What’s the mechanism that helps free people produce? It’s the mechanism that enables the free exchange of goods and services among producers. That is called a “free market.”

      Free markets has created all the good (not just goods and services) in the material world.

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  4. And let me tell you this, if ever I have an opportunity to be reborn, I would never want to be born in this country. I agree with you 100%, nothing at all is happening! it’s zilch all. The country has come to a standstill, and I expect no miracles from this team.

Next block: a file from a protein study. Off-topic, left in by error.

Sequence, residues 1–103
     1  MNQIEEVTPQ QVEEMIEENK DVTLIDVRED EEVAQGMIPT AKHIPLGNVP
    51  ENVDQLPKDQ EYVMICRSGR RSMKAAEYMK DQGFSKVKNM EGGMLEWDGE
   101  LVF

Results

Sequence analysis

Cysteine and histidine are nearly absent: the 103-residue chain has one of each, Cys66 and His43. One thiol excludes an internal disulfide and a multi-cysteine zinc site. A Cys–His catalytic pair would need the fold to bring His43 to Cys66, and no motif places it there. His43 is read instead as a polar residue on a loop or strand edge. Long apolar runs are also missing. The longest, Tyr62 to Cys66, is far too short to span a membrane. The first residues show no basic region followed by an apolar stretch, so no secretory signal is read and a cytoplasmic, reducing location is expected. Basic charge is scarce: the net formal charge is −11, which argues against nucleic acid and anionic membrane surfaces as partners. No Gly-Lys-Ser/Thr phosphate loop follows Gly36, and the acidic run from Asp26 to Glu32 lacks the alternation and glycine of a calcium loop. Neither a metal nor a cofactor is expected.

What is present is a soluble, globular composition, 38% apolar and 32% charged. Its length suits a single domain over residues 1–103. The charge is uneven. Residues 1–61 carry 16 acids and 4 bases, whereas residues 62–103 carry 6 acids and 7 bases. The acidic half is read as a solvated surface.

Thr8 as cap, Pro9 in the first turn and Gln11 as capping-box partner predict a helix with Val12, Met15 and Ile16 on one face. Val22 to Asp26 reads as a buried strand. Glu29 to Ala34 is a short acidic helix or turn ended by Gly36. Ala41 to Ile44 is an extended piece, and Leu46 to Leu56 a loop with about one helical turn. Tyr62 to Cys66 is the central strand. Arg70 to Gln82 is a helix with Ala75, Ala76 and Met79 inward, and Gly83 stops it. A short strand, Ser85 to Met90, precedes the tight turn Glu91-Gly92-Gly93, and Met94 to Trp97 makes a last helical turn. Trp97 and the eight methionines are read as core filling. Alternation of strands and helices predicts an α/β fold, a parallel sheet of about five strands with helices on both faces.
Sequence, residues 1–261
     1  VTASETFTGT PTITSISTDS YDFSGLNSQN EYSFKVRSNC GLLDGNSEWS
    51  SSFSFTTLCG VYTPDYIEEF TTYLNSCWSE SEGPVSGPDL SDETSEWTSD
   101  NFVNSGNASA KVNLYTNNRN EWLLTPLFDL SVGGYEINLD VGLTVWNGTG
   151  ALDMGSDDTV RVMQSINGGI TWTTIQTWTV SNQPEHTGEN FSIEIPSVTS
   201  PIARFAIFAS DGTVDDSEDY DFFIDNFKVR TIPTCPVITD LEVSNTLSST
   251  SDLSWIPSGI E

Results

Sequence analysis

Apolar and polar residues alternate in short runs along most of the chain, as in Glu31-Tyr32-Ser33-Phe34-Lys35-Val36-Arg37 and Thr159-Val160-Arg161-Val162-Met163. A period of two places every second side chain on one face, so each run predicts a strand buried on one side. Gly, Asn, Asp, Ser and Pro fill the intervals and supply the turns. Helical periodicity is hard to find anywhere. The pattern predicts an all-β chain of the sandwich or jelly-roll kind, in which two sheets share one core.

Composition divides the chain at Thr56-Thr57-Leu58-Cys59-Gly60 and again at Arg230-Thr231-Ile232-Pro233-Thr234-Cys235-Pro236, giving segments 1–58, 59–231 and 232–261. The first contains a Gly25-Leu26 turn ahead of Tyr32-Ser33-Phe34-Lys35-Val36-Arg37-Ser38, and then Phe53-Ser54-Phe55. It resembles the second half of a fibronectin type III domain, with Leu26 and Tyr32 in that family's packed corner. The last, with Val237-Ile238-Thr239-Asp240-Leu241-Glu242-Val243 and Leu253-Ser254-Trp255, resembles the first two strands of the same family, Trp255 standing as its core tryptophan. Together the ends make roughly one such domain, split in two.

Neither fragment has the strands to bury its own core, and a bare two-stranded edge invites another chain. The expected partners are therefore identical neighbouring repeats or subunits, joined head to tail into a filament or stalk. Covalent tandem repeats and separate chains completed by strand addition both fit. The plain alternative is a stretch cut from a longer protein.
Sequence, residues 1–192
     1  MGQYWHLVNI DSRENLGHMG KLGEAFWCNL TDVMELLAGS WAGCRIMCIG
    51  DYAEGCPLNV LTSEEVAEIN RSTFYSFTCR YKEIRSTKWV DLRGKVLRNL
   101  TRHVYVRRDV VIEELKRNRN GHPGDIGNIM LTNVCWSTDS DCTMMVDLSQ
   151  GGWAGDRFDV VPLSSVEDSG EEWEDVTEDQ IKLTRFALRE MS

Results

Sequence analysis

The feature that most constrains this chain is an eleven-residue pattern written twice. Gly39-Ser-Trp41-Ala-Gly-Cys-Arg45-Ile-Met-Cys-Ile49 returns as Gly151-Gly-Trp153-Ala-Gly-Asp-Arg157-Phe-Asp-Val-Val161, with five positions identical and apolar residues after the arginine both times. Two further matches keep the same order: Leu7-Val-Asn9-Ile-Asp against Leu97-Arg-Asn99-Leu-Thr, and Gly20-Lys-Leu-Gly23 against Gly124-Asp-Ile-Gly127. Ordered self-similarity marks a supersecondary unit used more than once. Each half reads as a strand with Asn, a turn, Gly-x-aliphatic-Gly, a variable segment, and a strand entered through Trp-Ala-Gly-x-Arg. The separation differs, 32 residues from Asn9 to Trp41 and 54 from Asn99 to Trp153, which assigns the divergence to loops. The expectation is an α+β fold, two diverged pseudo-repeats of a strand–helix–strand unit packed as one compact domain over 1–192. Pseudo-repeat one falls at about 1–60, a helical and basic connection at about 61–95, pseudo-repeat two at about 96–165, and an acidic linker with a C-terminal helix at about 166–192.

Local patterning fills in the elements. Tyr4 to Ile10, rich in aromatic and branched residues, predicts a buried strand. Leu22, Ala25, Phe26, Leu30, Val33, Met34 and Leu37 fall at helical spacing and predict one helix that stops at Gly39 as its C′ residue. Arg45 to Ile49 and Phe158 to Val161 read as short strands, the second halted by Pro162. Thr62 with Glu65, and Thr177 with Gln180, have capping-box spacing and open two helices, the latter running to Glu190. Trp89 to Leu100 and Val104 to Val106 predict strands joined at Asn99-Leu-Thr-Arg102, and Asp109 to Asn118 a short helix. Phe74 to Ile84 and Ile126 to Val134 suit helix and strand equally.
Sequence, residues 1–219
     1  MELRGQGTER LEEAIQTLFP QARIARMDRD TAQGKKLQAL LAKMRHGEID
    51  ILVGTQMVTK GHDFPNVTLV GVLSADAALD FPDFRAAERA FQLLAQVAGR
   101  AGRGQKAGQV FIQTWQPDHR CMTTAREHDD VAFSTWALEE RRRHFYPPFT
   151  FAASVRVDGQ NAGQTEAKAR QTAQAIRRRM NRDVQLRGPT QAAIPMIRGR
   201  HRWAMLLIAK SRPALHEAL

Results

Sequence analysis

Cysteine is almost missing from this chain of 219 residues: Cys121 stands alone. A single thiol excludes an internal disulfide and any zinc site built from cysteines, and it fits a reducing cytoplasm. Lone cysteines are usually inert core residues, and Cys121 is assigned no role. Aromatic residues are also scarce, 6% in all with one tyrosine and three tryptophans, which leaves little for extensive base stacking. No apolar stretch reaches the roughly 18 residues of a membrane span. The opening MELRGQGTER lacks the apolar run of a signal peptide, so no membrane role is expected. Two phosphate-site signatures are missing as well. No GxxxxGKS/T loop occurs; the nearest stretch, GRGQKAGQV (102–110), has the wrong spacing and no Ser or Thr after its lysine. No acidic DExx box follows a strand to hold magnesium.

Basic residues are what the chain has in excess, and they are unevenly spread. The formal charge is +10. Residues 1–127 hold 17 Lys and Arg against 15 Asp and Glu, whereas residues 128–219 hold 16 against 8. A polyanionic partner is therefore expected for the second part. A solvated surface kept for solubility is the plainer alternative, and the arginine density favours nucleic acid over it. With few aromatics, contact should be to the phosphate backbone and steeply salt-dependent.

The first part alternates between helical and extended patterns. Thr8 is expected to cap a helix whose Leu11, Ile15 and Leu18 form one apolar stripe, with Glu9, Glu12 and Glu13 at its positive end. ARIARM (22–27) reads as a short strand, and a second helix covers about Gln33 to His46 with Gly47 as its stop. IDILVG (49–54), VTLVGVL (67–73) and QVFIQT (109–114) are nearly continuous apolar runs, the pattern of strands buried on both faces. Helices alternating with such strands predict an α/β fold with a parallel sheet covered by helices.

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  5. Dear Sir – You should start following Rajiv Malhotra….he has written a book called BEING DIFFERENT. You echo the same ideas. Perhaps you will learn a lot more.